Waste management and recovery options for bioplastics

Bioplastics are suitable for a broad range of end-of-life options, including reuse, mechanical recycling, organic recycling, and energy recovery. The overwhelming part of the bioplastic volume produced today can easily be recycled alongside their conventional counterparts where separate recycling streams for certain material types exist (e.g. biobased PE in the PE-stream or biobased PET in the PET-stream). This way, bioplastics contribute to higher recycling quotas in the EU and the implementation of the circular economy.

Furthermore, using biodegradable and compostable plastic products such as (biowaste) bags, food packaging, and cutlery strengthens industrial composting (organic recycling) as a waste management option and helps to increase waste management efficiency. If bioplastics can no longer be reused or recycled, it is nevertheless possible to use them in the production of bio-energy.

As with conventional plastics, the manner in which bioplastics waste is actually recovered depends on the type of product and bioplastics material used, the inherent quantities and the recovery systems available.

Littering
European Bioplastics does not support any statements that advertise bioplastics as a solution to the littering problems. Littering refers to careless discarding of waste and is not a legitimate means of disposal.

Biodegradable plastics are often regarded as a possible solution to this problem as they can be decomposed by micro-organisms without producing harmful or noxious residue during decomposition. However, the process of biodegradation is dependent on certain environmental conditions. Products suitable for industrial composting (as defined according to the EN 13432 standard) are fit for the conditions in a composting plant, but not for those outside in nature.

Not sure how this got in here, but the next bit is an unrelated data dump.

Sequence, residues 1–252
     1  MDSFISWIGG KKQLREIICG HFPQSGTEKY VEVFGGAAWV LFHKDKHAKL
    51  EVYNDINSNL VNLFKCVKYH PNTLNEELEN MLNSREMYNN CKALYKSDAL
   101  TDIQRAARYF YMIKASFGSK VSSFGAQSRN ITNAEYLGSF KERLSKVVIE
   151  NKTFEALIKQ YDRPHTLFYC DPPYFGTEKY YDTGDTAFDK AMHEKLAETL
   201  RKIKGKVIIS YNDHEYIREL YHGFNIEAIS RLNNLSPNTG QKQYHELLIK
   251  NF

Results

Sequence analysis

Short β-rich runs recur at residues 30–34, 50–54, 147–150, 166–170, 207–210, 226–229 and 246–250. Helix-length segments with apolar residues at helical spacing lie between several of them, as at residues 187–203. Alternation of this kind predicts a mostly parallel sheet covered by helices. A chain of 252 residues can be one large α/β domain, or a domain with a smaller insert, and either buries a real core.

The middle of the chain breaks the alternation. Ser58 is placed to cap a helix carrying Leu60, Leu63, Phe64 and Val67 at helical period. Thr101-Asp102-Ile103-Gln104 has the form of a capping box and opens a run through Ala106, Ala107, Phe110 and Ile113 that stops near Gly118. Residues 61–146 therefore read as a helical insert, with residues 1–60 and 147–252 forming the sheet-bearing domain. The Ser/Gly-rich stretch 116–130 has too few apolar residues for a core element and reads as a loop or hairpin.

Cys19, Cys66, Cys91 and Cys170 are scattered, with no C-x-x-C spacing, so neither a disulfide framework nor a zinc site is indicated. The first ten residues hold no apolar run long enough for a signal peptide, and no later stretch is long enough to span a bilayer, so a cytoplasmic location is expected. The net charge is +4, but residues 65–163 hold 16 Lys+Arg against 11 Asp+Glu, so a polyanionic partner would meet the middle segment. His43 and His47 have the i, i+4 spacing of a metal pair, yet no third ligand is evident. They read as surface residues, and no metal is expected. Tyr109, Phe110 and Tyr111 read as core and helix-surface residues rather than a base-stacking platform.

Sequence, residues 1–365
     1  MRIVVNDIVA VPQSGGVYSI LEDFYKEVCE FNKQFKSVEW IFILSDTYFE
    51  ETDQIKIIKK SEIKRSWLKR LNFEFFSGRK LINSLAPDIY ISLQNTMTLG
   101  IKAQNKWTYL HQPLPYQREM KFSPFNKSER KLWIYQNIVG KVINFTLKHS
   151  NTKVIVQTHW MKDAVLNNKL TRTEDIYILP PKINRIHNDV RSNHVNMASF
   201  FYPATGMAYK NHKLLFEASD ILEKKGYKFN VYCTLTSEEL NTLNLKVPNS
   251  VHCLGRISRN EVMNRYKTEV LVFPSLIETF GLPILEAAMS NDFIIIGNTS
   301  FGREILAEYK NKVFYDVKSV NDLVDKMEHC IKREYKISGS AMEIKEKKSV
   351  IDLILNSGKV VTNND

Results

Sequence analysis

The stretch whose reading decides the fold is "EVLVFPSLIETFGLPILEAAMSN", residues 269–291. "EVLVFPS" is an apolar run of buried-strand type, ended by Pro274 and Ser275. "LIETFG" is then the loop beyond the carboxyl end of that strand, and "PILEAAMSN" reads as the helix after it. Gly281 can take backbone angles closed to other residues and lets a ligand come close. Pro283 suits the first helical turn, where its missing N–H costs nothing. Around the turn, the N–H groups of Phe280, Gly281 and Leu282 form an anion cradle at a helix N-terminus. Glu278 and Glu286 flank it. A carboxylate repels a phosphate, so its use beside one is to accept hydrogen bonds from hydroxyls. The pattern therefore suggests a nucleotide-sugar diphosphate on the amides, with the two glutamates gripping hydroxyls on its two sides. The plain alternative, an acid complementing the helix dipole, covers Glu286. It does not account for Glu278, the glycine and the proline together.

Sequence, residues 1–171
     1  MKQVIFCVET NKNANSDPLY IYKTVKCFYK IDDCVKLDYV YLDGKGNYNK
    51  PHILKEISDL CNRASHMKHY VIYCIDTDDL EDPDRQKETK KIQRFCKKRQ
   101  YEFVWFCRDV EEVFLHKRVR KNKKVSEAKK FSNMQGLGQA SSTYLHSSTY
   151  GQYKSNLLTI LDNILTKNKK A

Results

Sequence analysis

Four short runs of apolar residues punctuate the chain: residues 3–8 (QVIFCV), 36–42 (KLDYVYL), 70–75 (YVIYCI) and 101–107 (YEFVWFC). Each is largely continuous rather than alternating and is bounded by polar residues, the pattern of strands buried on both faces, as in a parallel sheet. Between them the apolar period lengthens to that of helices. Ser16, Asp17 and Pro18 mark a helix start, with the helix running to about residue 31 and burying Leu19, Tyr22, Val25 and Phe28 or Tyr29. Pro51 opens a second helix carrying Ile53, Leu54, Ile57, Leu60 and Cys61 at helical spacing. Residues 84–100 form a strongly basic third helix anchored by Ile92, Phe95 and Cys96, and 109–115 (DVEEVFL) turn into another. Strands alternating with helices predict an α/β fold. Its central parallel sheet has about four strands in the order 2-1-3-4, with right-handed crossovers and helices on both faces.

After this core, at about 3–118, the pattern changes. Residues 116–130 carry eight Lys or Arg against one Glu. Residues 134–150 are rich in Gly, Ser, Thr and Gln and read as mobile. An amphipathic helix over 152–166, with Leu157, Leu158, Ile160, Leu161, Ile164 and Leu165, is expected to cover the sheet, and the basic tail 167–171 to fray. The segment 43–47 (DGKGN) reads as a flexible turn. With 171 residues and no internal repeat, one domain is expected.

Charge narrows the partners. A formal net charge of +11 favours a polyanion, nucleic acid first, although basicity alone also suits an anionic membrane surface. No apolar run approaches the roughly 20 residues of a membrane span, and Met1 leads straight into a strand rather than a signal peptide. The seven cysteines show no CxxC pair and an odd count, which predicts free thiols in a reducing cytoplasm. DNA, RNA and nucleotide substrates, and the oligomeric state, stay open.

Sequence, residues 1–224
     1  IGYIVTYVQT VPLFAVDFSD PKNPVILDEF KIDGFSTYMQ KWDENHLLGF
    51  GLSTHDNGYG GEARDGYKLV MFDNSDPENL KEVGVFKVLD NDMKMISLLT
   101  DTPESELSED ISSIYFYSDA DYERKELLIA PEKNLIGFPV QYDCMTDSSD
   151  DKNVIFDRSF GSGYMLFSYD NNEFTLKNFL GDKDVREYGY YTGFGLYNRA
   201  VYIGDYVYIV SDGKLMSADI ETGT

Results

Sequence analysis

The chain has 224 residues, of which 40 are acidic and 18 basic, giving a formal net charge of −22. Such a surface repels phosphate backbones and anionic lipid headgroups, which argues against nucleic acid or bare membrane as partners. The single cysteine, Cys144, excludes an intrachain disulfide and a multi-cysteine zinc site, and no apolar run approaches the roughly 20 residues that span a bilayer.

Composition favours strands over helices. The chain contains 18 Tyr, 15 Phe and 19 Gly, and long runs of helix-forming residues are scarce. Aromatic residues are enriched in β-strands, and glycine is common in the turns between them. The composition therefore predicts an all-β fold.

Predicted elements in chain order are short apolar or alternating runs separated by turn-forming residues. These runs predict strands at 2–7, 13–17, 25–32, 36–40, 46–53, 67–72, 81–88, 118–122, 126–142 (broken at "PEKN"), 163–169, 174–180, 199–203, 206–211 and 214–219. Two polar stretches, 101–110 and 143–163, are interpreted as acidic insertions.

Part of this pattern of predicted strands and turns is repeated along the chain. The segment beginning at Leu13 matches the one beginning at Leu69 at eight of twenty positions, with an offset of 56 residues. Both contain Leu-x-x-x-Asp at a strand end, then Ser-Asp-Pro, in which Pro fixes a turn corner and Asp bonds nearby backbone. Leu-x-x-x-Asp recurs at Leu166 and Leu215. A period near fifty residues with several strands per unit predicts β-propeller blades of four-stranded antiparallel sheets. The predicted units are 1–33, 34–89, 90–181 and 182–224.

It is imperative for the consumer to continue to be conscious of the fact that no matter what type of packaging, it must be subject to appropriate disposal and recovery processes. Landfilling is a hurdle to resource efficiency. Even though it is still one of the main disposal options in many countries in Europe, continual progress towards a phase-out can be observed. In 2014, around 31 percent of plastic waste went to landfills, 7 percent less compared to 2012. European Bioplastics supports a European-wide ban on landfilling for plastic products and supports any measures in order to increase recycling and recovery of plastics waste.

Biodegradable/Compostable plastic